The Welland long course was on my radar for some time. New distances (56 KM bike, 15 KM run), an incredibly friendly swim course at the Flatwater Centre (perfect for a weaker swimmer such as myself), three loops of a flat, fast running trail and a little taste of things to come for MultiSport Canada’s Barrelman later in the summer.
I’d hoped to push some limits on race day. Sometimes, though, plans can come undone.
About eight kilometres into the long run at Welland the wheels came off. I’d been on the edge of the cave for most of the run, but quickly and forcefully something snapped. The lights went out. The remainder of the race was dark and ugly.
On training days I’ve tried to prepare for times like this. I’ve tried stocking the memory bank with items to help push beyond the pain: words of wisdom from my coach; the image of the finish line glowing in the distance; a few lines from an Irish rebel song. Anything to help get me through.
That Sunday morning in Welland, though, none of these nuggets of faith were available. In my jumbled state, I didn’t even have the good sense to go looking for them.
It’s difficult to recall the exact thoughts that were going through my head during those final few kilometres. Maybe it’s some self-protective mechanism to ensure I stay on this road, but I’ve only got two recollections.
The first came to me every time I passed the bleachers at the Flatwater Centre. Perched on the left of the run course was a guy watching on from a blue Fatboy Bed – one of those new, cool-looking blow-up beds that seem perfect for a music festival. My wife had sent me a link to these beds a week before but this was the first time I’d seen one up close. And now, each time I passed by this guy, I longed to climb onto the bed beside him and fall asleep. There was something very ironic about his presence and every time I caught a glimpse of him and realized I had kilometres left to run, my heart dropped a little.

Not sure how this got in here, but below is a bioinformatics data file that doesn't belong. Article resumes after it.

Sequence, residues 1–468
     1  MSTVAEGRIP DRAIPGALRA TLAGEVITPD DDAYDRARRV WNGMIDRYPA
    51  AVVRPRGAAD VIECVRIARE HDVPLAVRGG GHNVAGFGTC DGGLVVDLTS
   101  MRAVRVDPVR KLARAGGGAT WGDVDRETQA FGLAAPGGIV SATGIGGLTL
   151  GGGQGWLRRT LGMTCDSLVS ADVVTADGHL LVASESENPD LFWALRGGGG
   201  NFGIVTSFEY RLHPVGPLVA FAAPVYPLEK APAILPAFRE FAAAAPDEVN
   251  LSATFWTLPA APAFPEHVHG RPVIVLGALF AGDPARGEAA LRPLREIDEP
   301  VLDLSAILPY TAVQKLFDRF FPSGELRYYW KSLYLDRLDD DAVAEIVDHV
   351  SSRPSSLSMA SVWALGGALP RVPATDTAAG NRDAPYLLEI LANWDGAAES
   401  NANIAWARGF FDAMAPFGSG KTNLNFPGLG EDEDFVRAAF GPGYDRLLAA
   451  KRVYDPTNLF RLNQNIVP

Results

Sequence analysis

The second thought was a little more unsettling. Back when the Welland long course was unveiled in the winter, it was clearly a great preparation race for Muskoka 70.3. I signed up for both and at Welland, a more manageable course in terms of topography, my struggles had the added edge of putting serious doubt into my mind for the Muskoka run. At Welland, I could see my run pace plummet with every passing kilometre, I could hear my body tell my mind to stop. If I was struggling in Welland, how bad would Muskoka eat me up?
Pinpointing the reasoning behind an implosion is a difficult task, but like clawing at an old wound, it’s one that has to be endured.
Welland was baking that Sunday morning. It felt like an oven. Maybe I was over-heated? Maybe I pushed a too hard on the bike? Maybe I ran too quickly out of transition? Maybe my taper was wrong? Maybe I didn’t hydrate at the numerous aid stations on the run?
I’ll never know the reason for sure. I can only speculate or presume that several little reasons contributed in some way to my demise.
When my race was done, I caught sight of a large, industrial looking fan that MultiSport Canada had placed perfectly just beyond the finish line – a very nice touch on a hot day. I sat down beneath it like some lost pilgrim seeking shelter and tried to cool down, tried to make sense of the heat and my run.
No answers came and sometimes they don’t, but we’ll push on. That’s the cruel beauty of this sport.